It's widely accepted that the end of Jim Crow coincided with the 1954 US Supreme Court ruling in Brown v. Board of Education. Alexander points out that things began to shift, however, during World War II. The country was forced to face the contradiction between Nazi discrimination against European Jews and the racial caste system still alive and well in America. After the Brown decision, the Supreme Court began dismantling segregation laws. The backlash in the South was strong, with the Ku Klux Klan reasserting itself through killings and the bombing of black churches. But a civil rights movement was gaining speed, emboldened by the Supreme Court's rulings. Civil rights leaders staged boycotts, marches, and sit-ins to protest the remaining Jim Crow laws. In 1963 President John F. Kennedy announced a civil rights bill to Congress. After Kennedy's assassination, President Lyndon Johnson fulfilled the commitments of the bill by passing comprehensive civil rights legislation. In 1964 the Civil Rights act formally did away with discriminatory Jim Crow laws. The Voting Rights Act that followed allowed equal political participation by African Americans. Despite these gains, many civil rights activists worried that unless there was similar economic reform, the majority of blacks would remain in poverty. In response, President Johnson proposed an Economic Opportunities Bill. This goal also served to align the civil rights movement with the political goals of poor and working-class whites, who also wanted similar reform. Yet conservative whites were already searching for ways to keep things the same using new rhetoric. "Segregation forever" was thereby replaced with "law and order."
The rise of "law and order" coincided with the rise of the civil rights movement. Southern law enforcement characterized the campaign for civil rights as a breakdown of law and order. They began to characterize civil rights protests as criminal rather than political. At the same time, crime was trending upward due to a rising young adult male baby boom population of perpetrators, whom sensationalists linked to the civil rights movement. Some black activists, concerned over the reputation of inner cities, joined some of the campaigns for law and order. They unwittingly became complicit in the boom in the mass incarceration of black men. Yet many of the legislators who began the law and order movements were known segregationists. This "law and order" rhetoric eventually contributed to a significant realignment of the political parties in the United States. At one time, the South was solidly Democratic and the North was largely Republican. Things shifted when Southern white Democrats became angered by their party's support for civil rights reforms. This led Republicans to realize they could boost their party by recruiting anti-black Democrats. They began by arguing that poverty was caused not by "structural factors" but by culture—black culture. Many working-class white voters felt threatened by the sudden forward progress of African Americans, and conservatives used that fear to mobilize them. During the presidential election of 1968, both conservative candidates campaigned on "law and order" and together won 57 percent of the vote. By 1972 many more voters determined their political self-identification according to race rather than class. And by the time Ronald Reagan was elected in 1981, 22 percent of Democrats moved to the Republican Party to vote for him. After his election, his administration began the War on Drugs, despite less than two percent of Americans listing it as a concern. The media campaign sensationalized the use of crack cocaine in inner city neighborhoods. At the same time, these inner city communities were suffering from economic collapse due to a lack of blue-collar jobs. This created an incentive for residents to turn to selling drugs to make an income. The United States did not follow the lead of other countries that had dealt with similar epidemics and emphasized treatment and prevention. Instead, the United States introduced the death penalty for some drug-related crimes, mandatory minimum sentences, and allowed the military to perform narcotics control. Crack cocaine, associated with blacks, held more severe punishment for distribution than powder cocaine, associated with whites.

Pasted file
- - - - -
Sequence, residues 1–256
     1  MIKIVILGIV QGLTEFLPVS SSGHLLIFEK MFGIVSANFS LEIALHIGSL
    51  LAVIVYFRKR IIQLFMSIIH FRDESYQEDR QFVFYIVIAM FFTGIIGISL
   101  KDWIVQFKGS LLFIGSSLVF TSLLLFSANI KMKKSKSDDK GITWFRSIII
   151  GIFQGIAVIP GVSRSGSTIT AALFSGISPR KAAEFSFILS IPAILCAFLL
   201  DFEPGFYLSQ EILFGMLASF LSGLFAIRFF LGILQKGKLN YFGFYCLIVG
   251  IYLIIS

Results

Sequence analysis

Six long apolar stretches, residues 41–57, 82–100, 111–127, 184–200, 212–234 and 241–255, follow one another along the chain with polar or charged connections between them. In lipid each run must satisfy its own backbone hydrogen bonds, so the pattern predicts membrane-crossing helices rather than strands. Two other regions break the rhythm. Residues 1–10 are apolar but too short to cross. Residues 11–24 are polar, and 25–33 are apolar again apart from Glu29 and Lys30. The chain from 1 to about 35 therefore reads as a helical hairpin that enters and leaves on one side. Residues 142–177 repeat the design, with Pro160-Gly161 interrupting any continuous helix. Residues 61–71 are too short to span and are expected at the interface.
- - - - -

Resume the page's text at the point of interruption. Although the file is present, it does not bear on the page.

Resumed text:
Democrats, for their part, began attempting to wrestle back the claim of "tough on crime" from Republicans. In 1994 President Clinton passed a $30 billion crime bill that created dozens of new federal capital crimes. One change was the "three strikes" law that mandated life sentences for some three-time offenders. These policies resulted in "the largest increases in ... prison inmates of any president in American history." By the turn of the century, many laws were in place to discriminate against blacks with criminal records in regards to employment, housing, education, and voting. These laws eerily resembled Jim Crow laws.